Step 4: Dress Warm
However, I must maintain my position, due in no small part to the excellent links provided by the thermally impressive gmoon, particularly this one.
I recommend a synthetic fleece vest or wool sweater and a knit cap.
The vest is light, dries quickly and is quite warm.
The sweater is even warmer and in my experience slightly more compact than fleece for the same amount of warming.
Both remain fairly insulative even when damp, unlike cotton sweatshirts which are literally worse than nothing in wet situations. Though I prefer the wool sweater overall, synthetic fleece is nice in that it absorbs almost no moisture, whereas wool takes on the approximate density of depleted uranium when it comes in contact with water and is very reluctant to dry. One other noted difference between the two is that wool is all but fireproof, whereas any synthetic cloth is prone to burn quite easily and melts while burning as well, adhering to skin like overpriced napalm. While this is usually a minimal hazard, small sparks from a campfire are notorious for burning little holes in synthetic clothing.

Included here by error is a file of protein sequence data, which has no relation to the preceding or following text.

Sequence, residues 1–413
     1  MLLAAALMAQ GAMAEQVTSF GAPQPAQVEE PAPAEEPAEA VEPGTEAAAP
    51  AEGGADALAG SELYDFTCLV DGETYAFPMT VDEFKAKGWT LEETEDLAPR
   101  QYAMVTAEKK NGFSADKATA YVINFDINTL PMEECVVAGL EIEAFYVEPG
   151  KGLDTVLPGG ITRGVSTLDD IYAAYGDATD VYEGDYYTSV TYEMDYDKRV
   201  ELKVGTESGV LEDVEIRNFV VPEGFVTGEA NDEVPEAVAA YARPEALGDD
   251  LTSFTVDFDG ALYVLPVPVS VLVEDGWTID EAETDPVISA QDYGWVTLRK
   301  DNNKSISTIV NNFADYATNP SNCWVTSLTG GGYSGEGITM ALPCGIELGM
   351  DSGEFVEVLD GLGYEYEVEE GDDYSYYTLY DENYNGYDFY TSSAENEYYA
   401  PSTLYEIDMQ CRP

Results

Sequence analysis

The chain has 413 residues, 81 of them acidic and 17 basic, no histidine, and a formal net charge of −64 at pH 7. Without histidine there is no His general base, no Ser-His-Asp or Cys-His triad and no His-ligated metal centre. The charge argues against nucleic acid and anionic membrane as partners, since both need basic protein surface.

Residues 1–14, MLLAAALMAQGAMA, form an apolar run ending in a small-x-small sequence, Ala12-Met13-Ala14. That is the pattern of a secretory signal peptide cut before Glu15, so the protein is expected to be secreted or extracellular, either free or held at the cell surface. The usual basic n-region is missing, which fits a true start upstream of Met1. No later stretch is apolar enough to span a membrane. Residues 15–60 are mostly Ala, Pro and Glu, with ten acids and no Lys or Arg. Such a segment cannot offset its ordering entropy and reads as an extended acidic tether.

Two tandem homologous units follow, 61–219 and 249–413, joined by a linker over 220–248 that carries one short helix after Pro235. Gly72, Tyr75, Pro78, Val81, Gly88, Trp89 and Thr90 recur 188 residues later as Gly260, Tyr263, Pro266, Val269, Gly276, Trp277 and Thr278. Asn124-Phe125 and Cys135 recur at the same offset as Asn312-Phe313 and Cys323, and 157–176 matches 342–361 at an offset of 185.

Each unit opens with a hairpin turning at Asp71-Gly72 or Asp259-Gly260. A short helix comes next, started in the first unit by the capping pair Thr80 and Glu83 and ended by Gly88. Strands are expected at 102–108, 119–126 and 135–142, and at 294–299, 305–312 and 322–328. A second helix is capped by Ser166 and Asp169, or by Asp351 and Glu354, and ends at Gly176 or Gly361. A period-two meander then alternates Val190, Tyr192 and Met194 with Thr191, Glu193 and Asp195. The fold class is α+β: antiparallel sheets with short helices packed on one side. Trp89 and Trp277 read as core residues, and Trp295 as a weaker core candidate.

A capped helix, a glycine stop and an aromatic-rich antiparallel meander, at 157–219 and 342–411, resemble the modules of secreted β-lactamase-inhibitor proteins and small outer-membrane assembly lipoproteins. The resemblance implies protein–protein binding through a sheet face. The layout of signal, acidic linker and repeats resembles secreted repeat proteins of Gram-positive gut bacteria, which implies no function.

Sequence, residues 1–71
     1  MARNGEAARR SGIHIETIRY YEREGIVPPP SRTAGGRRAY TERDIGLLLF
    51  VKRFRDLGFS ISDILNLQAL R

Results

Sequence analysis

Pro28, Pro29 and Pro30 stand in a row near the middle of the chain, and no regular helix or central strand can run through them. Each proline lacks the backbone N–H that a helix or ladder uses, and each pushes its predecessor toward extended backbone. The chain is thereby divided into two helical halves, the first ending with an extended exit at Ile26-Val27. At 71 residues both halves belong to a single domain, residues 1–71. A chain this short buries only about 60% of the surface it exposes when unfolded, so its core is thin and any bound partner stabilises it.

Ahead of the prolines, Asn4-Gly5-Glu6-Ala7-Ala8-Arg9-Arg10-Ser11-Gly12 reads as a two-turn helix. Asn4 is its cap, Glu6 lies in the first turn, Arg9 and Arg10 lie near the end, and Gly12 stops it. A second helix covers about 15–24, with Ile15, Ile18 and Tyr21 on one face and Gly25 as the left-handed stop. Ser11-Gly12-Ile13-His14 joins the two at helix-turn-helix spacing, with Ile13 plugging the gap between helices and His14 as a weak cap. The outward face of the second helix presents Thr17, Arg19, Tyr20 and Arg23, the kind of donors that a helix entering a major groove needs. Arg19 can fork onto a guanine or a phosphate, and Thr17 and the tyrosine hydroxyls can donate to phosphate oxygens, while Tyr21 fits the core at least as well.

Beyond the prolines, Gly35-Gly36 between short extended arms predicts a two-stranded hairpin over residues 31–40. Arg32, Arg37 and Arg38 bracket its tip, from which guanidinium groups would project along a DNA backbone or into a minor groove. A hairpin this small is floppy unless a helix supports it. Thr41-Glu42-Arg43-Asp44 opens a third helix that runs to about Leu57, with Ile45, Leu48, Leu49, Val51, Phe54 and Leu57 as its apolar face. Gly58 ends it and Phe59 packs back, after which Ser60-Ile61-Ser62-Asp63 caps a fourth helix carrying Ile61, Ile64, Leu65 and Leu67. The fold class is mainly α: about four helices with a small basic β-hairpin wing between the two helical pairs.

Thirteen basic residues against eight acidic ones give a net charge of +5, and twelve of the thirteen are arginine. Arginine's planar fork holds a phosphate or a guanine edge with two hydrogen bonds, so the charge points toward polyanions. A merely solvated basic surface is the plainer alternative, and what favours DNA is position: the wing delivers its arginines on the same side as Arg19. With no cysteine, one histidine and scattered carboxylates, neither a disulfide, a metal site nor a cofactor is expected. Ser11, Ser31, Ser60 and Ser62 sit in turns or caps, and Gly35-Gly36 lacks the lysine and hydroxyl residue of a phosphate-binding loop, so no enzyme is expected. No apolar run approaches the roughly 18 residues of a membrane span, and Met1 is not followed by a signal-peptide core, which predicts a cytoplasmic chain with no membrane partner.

The hat is amazingly warm, and while I usually use wool knit, synthetic is also excellent.
I should also add that the inestimable zwild1 reminded me of the importance of the bag liner. This is a cloth (I use synthetic fleece) liner which goes inside your sleeping bag. It can improve the rating significantly. Good suggestion!